Friday, March 03, 2017

It's Frenchie-French time!

I had my placement evaluation by telephone and it was very interesting. The evaluator spoke to me exclusively in French and I understood everything she said to me. Granted she already saw my online writing test and knew my French was pretty rough, and probably spoke as simply as possible, but still, that was pretty exciting. I spoke back to her in a melange of French and English and it was clear that my understanding of past tense and my ability to distinguish between etre and avoir were both pretty pathetic. C'est la vie, je va apprendre! On y va!

But to my surprise, instead of placing me into level 102 (one step up from the lowest level, 101) instead I was placed into 103. Formidable!

So I immediately signed up for my class, which will be on Mondays from 6:30 to 9:30 PM beginning April 3, a month from today. Tres bon!

Now that I am getting even more serious about studying  French, I will have to change a few things - for example, I must give up the idea that it is necessary to both eat cheese and drink wine while I am watching "French in Action" - especially since I mainly drink California wine anyway, which makes it that much more obvious I am just using French as an excuse to drink wine.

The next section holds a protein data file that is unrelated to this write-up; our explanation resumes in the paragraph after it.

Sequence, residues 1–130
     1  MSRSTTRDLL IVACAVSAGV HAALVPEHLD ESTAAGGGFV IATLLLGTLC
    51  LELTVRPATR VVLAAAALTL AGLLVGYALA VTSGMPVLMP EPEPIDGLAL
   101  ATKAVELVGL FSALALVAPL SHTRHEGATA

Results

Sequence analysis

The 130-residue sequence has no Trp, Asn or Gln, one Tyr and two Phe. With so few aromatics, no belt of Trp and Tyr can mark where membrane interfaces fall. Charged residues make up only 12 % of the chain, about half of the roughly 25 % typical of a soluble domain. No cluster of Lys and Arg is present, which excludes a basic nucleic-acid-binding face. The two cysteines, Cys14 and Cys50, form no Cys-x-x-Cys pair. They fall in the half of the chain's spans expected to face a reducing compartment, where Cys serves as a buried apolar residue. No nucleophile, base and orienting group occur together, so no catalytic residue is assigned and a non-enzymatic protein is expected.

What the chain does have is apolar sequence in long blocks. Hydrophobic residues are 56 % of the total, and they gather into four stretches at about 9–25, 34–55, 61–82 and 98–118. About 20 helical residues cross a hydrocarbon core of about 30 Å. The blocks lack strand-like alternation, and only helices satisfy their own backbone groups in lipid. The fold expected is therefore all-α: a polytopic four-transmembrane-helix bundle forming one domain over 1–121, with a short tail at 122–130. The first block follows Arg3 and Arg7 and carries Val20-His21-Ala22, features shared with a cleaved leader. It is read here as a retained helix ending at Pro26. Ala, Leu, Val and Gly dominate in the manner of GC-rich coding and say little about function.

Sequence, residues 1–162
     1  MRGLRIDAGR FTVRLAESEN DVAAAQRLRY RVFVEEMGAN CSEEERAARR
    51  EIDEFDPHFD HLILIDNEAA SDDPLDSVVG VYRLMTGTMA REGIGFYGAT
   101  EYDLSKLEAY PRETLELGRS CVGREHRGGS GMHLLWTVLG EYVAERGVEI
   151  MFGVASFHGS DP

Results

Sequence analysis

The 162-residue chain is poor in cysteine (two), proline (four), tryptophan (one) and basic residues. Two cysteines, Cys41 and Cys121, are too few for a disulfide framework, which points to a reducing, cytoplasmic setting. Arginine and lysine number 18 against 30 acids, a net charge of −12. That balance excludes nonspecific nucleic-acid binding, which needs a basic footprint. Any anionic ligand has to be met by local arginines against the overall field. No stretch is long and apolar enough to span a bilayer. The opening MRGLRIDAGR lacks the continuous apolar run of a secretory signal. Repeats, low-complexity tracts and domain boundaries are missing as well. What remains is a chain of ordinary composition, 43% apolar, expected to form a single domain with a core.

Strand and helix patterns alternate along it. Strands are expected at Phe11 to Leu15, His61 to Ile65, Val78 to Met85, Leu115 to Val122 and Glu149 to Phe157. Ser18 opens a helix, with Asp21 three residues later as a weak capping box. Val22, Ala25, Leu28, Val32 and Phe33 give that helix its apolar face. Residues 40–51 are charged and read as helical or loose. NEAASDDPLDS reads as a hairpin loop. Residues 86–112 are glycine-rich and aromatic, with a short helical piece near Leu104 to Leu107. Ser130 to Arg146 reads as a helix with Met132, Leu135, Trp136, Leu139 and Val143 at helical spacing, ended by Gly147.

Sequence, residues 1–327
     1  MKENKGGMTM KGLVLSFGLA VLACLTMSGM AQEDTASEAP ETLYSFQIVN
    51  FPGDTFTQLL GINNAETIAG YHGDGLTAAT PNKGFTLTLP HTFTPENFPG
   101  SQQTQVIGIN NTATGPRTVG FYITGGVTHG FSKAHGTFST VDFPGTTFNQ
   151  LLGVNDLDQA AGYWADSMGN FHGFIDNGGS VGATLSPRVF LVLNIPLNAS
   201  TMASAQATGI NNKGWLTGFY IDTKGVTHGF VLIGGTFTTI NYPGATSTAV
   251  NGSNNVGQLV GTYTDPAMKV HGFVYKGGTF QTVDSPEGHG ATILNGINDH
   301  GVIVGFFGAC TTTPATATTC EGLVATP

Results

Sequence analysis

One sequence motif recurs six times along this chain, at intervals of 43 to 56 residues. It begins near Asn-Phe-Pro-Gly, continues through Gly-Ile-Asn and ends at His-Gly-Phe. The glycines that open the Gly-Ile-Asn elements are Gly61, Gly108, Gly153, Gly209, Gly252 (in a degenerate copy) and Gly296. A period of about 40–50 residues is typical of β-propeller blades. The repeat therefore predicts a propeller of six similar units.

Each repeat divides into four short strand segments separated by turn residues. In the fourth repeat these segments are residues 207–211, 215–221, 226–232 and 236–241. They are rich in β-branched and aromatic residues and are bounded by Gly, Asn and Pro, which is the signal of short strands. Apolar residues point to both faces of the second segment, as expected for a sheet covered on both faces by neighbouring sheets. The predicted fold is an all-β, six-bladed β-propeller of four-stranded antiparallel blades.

I will have to learn more about France now. In addition to Paris, I may focus on the northeast, since that is where my French ancestors on my paternal grandmother's side come from, going all the way back to Andre and Elisabeth Dreyer - my distant cousin did not discover their birth dates, but their son Daniel died in 1740, so it's safe to assume they were both born in the late 1600s.

It should be noted that the part of France they were from, identified as Mittelbronn, Sarrebourg, Moselle, Lorraine, wasn't actually part of France when Daniel and Elisabeth lived there. It was in some weird grey area between sort-of-France and sort-of-Germany.

It looks pretty bucolic to this day.

Ancestral homeland right here

Most of my ancestry is Scots-Irish but it's nice to have this other aspect - and the best-documented too, going back to the late 1600s. No wonder I love wine and cheese so much!

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